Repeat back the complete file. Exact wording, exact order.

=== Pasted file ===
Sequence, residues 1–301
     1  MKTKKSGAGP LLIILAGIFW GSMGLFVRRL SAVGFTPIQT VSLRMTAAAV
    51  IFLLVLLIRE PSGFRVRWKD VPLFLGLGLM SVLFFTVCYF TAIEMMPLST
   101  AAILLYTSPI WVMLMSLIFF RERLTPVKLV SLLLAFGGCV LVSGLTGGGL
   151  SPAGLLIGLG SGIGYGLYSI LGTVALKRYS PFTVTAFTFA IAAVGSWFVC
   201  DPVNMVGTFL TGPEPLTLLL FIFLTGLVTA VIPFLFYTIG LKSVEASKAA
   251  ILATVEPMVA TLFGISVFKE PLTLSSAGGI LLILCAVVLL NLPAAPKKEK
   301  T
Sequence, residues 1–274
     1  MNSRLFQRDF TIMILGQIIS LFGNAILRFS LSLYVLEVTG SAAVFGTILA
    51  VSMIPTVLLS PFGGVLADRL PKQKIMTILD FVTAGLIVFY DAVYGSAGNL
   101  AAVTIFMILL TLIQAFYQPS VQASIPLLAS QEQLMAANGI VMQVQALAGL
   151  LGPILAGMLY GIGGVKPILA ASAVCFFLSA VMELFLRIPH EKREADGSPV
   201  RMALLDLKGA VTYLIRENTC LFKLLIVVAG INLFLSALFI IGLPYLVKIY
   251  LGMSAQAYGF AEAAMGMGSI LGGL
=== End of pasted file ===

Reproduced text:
Sequence, residues 1–301
     1  MKTKKSGAGP LLIILAGIFW GSMGLFVRRL SAVGFTPIQT VSLRMTAAAV
    51  IFLLVLLIRE PSGFRVRWKD VPLFLGLGLM SVLFFTVCYF TAIEMMPLST
   101  AAILLYTSPI WVMLMSLIFF RERLTPVKLV SLLLAFGGCV LVSGLTGGGL
   151  SPAGLLIGLG SGIGYGLYSI LGTVALKRYS PFTVTAFTFA IAAVGSWFVC
   201  DPVNMVGTFL TGPEPLTLLL FIFLTGLVTA VIPFLFYTIG LKSVEASKAA
   251  ILATVEPMVA TLFGISVFKE PLTLSSAGGI LLILCAVVLL NLPAAPKKEK
   301  T
Sequence, residues 1–274
     1  MNSRLFQRDF TIMILGQIIS LFGNAILRFS LSLYVLEVTG SAAVFGTILA
    51  VSMIPTVLLS PFGGVLADRL PKQKIMTILD FVTAGLIVFY DAVYGSAGNL
   101  AAVTIFMILL TLIQAFYQPS VQASIPLLAS QEQLMAANGI VMQVQALAGL
   151  LGPILAGMLY GIGGVKPILA ASAVCFFLSA VMELFLRIPH EKREADGSPV
   201  RMALLDLKGA VTYLIRENTC LFKLLIVVAG INLFLSALFI IGLPYLVKIY
   251  LGMSAQAYGF AEAAMGMGSI LGGL